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A litigant who prosecutes a cause of action for actual fraud must prove by clear and convincing evidence: (1) a false representation, (2) of a material fact, (3) made intentionally and knowingly, (4) with intent to mislead, (5) reliance by the party misled, and (6) resulting damage to the party misled.
Steven M. Bershader and his wife, Marguerite F. Godbold (the Bershaders), filed their second amended bill of complaint against Prospect Development Company, Inc. ("Prospect Development"), Alan Huntley Seeley, and Paul F. Lucas. The Bershaders alleged that the defendants breached a real estate sales contract and committed acts of actual and constructive fraud. The Bershaders and Prospect Development executed a contract for the sale of land and a house built thereon, based on repeated representations by defendants, the developer and its vice president, that an adjacent lot would not be built upon because it did not pass percolation tests. In fact, no such tests were performed until after the contract was signed. Subsequently, defendants' obtained county approval to build a house on the lot. The Bershaders sought an injunction to bar the construction. The Bershaders sought compensatory and punitive damages, injunctive relief, and attorney's fees and costs. The Bershaders also requested a declaration that they owned a negative easement in certain real property. The defendants filed responsive pleadings in which they denied liability. At the conclusion of an ore tenus hearing, the chancellor held that the defendants had breached the real estate sales contract and that they had committed acts of actual and constructive fraud upon the Bershaders. The chancellor also held that the Bershaders owned a negative easement in certain real property and granted an injunction to enforce the rights accorded by the easement. The chancellor awarded the Bershaders compensatory damages and attorney's fees, but refused to award punitive damages. Prospect Development and Seeley appealed.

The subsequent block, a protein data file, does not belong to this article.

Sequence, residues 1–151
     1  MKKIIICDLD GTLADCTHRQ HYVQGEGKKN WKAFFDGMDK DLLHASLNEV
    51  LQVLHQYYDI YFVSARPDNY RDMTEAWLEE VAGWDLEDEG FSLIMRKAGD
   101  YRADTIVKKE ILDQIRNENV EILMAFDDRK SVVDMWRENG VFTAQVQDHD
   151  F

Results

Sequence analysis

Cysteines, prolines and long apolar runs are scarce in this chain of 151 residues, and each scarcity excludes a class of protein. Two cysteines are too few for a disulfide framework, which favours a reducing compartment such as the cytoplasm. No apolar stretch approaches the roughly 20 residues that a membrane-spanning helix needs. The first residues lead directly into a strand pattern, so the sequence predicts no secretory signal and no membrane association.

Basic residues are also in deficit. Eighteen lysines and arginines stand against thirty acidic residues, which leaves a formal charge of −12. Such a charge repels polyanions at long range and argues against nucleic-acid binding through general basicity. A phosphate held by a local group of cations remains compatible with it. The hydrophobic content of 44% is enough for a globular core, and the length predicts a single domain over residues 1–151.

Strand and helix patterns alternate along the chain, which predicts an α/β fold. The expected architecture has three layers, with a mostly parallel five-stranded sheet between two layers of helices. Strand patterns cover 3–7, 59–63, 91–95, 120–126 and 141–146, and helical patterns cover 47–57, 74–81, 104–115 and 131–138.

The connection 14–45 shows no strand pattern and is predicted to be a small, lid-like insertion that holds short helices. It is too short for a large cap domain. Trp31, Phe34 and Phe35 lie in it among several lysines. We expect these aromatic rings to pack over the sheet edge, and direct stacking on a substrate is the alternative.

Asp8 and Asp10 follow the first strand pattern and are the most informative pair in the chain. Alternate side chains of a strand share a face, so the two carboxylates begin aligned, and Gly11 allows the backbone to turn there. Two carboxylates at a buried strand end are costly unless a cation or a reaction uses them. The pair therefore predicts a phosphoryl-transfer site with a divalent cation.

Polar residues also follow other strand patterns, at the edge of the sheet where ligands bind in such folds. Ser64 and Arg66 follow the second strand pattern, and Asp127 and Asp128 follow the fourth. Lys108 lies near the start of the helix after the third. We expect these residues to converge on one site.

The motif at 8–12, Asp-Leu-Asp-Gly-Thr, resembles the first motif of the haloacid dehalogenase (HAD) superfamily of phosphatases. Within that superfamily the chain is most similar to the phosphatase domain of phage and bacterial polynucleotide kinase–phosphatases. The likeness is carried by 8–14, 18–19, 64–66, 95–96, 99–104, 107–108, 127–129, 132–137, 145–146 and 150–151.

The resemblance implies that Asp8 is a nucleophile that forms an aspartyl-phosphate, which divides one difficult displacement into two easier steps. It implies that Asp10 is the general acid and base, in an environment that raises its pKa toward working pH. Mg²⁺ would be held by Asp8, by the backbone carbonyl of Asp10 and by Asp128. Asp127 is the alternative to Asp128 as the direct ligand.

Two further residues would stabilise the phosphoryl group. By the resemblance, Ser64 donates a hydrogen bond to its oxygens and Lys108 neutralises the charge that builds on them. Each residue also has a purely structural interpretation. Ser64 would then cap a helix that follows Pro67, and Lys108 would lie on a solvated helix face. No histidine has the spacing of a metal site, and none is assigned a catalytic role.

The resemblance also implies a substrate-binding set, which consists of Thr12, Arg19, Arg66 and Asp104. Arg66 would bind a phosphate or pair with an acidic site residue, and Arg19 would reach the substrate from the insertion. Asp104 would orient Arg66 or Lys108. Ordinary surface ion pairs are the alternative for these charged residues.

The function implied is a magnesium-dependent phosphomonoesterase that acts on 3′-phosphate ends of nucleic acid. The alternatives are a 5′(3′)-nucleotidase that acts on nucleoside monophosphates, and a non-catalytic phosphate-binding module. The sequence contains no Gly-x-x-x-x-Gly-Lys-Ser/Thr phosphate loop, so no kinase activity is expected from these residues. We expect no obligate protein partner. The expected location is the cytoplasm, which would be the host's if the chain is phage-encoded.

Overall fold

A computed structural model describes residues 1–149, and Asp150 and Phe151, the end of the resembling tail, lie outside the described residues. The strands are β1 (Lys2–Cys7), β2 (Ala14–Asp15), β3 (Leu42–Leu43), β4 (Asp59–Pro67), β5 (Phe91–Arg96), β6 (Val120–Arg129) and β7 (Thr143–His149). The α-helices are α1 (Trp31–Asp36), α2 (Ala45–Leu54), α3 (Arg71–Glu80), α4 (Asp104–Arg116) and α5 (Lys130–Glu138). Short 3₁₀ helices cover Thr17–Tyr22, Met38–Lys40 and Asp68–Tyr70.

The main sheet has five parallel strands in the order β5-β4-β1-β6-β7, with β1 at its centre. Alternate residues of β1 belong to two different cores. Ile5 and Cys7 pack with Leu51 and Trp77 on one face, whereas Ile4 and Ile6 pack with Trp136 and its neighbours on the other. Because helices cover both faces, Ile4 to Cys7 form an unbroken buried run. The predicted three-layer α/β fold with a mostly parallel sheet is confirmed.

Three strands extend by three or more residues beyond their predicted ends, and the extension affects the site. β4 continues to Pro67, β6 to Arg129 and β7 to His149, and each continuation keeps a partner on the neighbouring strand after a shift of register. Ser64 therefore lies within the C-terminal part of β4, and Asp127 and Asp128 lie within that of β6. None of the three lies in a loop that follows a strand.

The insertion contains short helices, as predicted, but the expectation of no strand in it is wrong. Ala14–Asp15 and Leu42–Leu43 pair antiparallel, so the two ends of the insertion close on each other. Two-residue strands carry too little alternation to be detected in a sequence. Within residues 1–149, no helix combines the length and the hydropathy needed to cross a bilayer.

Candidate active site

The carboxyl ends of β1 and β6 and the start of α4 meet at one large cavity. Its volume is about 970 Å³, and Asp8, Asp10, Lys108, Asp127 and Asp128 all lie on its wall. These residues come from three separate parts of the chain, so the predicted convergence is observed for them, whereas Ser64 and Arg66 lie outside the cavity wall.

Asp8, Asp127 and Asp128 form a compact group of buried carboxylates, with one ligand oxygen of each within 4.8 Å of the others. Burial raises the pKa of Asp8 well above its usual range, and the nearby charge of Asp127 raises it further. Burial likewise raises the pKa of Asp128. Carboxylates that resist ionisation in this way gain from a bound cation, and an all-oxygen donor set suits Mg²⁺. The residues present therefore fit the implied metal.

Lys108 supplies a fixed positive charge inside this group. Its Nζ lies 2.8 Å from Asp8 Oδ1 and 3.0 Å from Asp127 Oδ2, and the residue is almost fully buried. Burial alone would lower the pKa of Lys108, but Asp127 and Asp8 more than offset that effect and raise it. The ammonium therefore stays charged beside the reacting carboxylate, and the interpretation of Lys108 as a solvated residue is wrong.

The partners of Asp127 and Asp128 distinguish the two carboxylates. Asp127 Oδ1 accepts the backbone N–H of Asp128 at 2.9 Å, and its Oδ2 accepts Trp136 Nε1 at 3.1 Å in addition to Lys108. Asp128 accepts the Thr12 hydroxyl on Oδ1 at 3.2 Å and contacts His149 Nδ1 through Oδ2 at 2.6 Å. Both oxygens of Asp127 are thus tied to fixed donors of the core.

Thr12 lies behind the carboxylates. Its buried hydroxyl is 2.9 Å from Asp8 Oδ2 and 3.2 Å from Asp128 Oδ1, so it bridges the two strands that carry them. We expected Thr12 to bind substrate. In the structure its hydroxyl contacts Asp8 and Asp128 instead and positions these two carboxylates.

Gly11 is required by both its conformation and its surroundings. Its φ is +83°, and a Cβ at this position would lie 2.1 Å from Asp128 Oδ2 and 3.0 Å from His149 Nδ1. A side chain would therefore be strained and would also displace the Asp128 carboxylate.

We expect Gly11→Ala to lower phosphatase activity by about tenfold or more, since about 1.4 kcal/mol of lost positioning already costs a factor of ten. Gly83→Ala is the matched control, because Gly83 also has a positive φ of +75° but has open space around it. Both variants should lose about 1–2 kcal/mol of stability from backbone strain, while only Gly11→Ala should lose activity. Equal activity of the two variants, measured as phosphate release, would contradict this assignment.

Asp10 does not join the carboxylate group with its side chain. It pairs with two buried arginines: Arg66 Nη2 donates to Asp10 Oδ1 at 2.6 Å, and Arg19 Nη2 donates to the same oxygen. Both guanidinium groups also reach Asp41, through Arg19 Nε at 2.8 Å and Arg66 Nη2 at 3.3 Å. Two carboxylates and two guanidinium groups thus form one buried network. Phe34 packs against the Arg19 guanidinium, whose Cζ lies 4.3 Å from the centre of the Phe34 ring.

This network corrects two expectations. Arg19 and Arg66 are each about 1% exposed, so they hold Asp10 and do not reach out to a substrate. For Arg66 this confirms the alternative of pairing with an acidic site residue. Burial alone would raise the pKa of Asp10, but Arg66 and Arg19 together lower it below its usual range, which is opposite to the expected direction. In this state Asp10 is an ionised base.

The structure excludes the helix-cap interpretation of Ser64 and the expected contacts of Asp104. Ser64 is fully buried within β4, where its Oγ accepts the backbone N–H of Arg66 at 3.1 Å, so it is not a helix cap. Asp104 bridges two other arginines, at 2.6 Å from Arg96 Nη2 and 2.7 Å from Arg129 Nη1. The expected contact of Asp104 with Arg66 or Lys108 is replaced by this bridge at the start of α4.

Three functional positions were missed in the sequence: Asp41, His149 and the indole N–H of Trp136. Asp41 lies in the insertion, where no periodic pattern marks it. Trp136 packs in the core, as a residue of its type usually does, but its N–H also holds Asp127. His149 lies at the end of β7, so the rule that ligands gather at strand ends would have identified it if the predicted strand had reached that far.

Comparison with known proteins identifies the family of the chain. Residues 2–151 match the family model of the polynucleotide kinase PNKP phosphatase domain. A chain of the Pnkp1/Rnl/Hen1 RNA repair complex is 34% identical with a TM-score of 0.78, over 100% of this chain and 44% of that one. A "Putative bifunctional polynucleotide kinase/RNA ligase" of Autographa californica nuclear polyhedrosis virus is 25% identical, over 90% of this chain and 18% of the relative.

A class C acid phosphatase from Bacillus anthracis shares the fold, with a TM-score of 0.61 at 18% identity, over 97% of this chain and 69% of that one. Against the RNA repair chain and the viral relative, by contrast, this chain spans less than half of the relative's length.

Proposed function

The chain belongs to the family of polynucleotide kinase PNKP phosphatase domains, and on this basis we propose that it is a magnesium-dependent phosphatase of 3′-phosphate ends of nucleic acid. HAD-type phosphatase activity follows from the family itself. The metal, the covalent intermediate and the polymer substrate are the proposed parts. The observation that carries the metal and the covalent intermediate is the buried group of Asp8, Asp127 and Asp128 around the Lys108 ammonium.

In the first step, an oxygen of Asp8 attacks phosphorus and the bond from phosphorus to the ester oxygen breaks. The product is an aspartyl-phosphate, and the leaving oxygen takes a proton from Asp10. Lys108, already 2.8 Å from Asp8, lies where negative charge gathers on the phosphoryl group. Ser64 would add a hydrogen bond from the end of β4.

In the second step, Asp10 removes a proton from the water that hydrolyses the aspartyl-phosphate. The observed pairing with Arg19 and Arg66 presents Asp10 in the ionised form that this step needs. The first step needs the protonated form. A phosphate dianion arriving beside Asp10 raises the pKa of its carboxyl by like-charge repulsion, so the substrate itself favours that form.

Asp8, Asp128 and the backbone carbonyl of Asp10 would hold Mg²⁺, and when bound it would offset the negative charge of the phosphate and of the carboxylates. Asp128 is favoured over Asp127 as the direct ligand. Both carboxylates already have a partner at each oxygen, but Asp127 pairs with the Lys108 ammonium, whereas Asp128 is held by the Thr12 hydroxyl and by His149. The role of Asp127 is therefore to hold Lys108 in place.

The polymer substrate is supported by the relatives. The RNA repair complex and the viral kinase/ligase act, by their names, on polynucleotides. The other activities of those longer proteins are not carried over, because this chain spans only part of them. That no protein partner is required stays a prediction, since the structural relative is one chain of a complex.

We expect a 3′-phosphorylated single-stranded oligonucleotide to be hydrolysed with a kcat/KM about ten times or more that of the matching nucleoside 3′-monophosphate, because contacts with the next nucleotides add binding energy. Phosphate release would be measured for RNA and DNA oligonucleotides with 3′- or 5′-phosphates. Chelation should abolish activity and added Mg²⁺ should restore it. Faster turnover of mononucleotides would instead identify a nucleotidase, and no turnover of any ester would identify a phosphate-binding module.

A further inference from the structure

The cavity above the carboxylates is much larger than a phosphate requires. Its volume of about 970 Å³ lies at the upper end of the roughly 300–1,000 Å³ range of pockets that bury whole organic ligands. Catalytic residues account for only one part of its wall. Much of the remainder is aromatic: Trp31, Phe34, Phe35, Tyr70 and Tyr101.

Did the Bershaders present sufficient evidence to prove the sellers' actual fraud, constructive fraud, and breach of contract and to establish an easement by estoppel in certain of the sellers' land?
The court stated that a "litigant who prosecutes a cause of action for actual fraud must prove by clear and convincing evidence: (1) a false representation, (2) of a material fact, (3) made intentionally and knowingly, (4) with intent to mislead, (5) reliance by the party misled, and (6) resulting damage to the party misled." The court found that the Bershaders proved by clear and convincing evidence each of the elements necessary to establish a cause of action for actual fraud. The court affirmed all aspects of the relief granted except for 1) the award of compensatory damages for cost of replacing removed trees on the adjacent lot, because the proper measure of damages was the change in value of the land; and 2) the portion of the attorney fees for costs of collecting the judgment, because defendants had secured a cash appeal bond that was paid into the court.